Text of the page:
The hip joint is the largest weight-bearing joint in the body. It is a ball and socket joint where the head of the femur (thigh bone) is the ball and the pelvic bones form a socket called the acetabulum. The bone surfaces in the joint are covered by smooth cartilage which acts as a cushion and enables the bones to easily glide over each other during movement. A rim of cartilage called the labrum is present at the edge of the socket and increases the depth of the socket providing stability to the joint.
Damage to the articular cartilage can cause severe pain in the hip or groin, a locking sensation in the hip joint, significant restriction of hip movement and difficulty walking. This can result from trauma, tissue impingement, loose bodies in the joint, hip dislocation, dysplasia, osteonecrosis, degenerative arthritis and other conditions.
The management of cartilage injuries depends on the severity of the injury and includes non-surgical and surgical modalities of treatment. Non-surgical treatment includes a healthy diet, regular exercise and avoidance of aggravating activities. Surgery is performed to treat cartilage injuries when non-surgical options are ineffective and pain persists.
Hip cartilage repair is usually performed by arthroscopy, also referred to as keyhole surgery or minimally invasive surgery. This involves the use of an arthroscope, a narrow tube with a tiny camera attached on the end, to assess the damage to the hip cartilage. Your surgeon makes 2 to 3 small incisions around the hip joint. The arthroscope is inserted through one of the incisions and the camera attached to the arthroscope helps visualize the joint on a monitor. A sterile solution is pumped into the joint to clear the view and increase the space for surgery. Specially designed instruments are inserted through the other incisions. During the surgery, any loose fragments, small pieces of bone and cartilage floating within the joint are removed. Areas of excess bone growth are trimmed. A torn labrum may be repaired depending on the extent of the injury. After the completion of the procedure, the arthroscope is removed and incisions are closed.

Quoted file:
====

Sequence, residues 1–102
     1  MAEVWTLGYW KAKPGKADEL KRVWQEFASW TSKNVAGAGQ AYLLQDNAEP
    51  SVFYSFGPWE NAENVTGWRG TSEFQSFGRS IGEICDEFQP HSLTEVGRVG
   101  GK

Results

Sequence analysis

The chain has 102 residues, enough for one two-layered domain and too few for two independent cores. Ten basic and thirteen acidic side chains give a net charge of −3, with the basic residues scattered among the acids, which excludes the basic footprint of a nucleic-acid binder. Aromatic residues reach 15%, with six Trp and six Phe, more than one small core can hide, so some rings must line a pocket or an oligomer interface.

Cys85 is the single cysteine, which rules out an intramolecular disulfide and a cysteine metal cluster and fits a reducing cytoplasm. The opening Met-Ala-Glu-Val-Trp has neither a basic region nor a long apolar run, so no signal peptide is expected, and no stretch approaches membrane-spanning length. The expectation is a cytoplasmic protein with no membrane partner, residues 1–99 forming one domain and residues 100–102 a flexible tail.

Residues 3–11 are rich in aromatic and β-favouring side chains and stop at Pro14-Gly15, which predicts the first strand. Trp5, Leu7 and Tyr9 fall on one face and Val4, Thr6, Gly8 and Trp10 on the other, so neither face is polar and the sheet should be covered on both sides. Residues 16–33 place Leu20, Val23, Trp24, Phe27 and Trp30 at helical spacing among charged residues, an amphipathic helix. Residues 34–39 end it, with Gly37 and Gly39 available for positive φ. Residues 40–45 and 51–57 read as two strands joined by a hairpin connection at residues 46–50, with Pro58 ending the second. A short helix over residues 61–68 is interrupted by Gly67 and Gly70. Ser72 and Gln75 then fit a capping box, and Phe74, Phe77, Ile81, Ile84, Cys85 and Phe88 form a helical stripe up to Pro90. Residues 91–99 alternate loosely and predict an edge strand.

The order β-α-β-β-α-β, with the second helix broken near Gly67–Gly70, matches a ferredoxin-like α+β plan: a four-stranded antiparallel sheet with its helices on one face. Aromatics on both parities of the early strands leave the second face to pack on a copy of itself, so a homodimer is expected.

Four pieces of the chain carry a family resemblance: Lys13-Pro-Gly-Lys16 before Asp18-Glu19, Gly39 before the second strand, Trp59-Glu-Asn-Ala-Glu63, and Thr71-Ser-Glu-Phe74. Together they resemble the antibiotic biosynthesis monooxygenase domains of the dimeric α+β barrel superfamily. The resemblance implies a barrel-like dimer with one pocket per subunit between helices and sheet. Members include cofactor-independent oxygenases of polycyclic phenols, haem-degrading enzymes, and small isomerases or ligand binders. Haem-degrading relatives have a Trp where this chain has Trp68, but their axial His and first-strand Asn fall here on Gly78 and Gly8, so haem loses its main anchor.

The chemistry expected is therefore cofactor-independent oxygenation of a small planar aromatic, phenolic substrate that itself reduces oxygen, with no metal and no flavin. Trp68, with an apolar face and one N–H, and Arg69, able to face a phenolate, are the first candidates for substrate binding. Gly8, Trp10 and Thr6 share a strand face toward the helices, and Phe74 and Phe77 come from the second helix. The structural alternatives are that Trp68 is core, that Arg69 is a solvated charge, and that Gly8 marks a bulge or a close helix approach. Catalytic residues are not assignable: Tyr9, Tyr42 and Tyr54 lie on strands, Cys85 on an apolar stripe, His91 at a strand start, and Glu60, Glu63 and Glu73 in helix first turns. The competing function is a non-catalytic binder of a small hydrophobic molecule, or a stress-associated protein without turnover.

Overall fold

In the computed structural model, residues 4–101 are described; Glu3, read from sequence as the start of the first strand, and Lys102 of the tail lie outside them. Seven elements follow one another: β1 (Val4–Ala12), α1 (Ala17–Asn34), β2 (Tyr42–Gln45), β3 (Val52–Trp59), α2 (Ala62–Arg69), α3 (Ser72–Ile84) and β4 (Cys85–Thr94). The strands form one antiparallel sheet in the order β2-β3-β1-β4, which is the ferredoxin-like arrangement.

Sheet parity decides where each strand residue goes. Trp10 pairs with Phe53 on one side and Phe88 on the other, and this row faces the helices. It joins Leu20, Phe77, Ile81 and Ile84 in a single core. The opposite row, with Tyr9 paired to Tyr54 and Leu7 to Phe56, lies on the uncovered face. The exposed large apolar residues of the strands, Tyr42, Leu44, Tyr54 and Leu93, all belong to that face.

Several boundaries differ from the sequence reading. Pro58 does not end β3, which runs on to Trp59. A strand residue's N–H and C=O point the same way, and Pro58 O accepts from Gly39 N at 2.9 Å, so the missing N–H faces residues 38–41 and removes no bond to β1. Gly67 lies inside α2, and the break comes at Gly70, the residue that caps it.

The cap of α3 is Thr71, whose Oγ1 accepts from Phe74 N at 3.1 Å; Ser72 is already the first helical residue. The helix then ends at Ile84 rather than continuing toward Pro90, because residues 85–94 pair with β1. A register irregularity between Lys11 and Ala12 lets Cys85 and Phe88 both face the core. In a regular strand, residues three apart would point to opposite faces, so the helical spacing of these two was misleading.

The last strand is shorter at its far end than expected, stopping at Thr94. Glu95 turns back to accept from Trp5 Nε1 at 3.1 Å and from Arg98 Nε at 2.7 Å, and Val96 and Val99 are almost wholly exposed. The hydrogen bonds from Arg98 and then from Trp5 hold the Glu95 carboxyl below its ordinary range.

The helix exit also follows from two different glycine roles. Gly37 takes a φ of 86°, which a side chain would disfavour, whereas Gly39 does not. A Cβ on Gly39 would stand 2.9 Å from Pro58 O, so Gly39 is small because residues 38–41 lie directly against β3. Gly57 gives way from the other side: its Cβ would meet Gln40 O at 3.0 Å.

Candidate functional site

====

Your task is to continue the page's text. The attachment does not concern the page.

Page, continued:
Other arthroscopic surgeries that may be recommended to manage cartilage injuries include:
Microfracture surgery: This technique to treat cartilage injuries involves stimulating the formation of new articular cartilage by drilling numerous tiny holes in the bone underneath the damaged cartilage. This results in the formation of blood clots within the damaged cartilage, which stimulates the growth of new cartilage known as fibrocartilage. Although, the fibrocartilage formed is different from the normal hyaline cartilage, it can provide significant improvement in the symptoms.
Autologous Cartilage Implantation (ACI): In this procedure, the cartilage, harvested from the patient or a deceased donor, is cultured and later implanted over the damaged area of the joint.
Matrix-induced Autologous Chondrocyte Implantation (MACI): This technique employs cultured chondrocytes (the cells which produce the cartilage) to repair the articular cartilage damage. These chondrocytes are inserted onto a layer of collagen which is then implanted over the damaged area of the joint.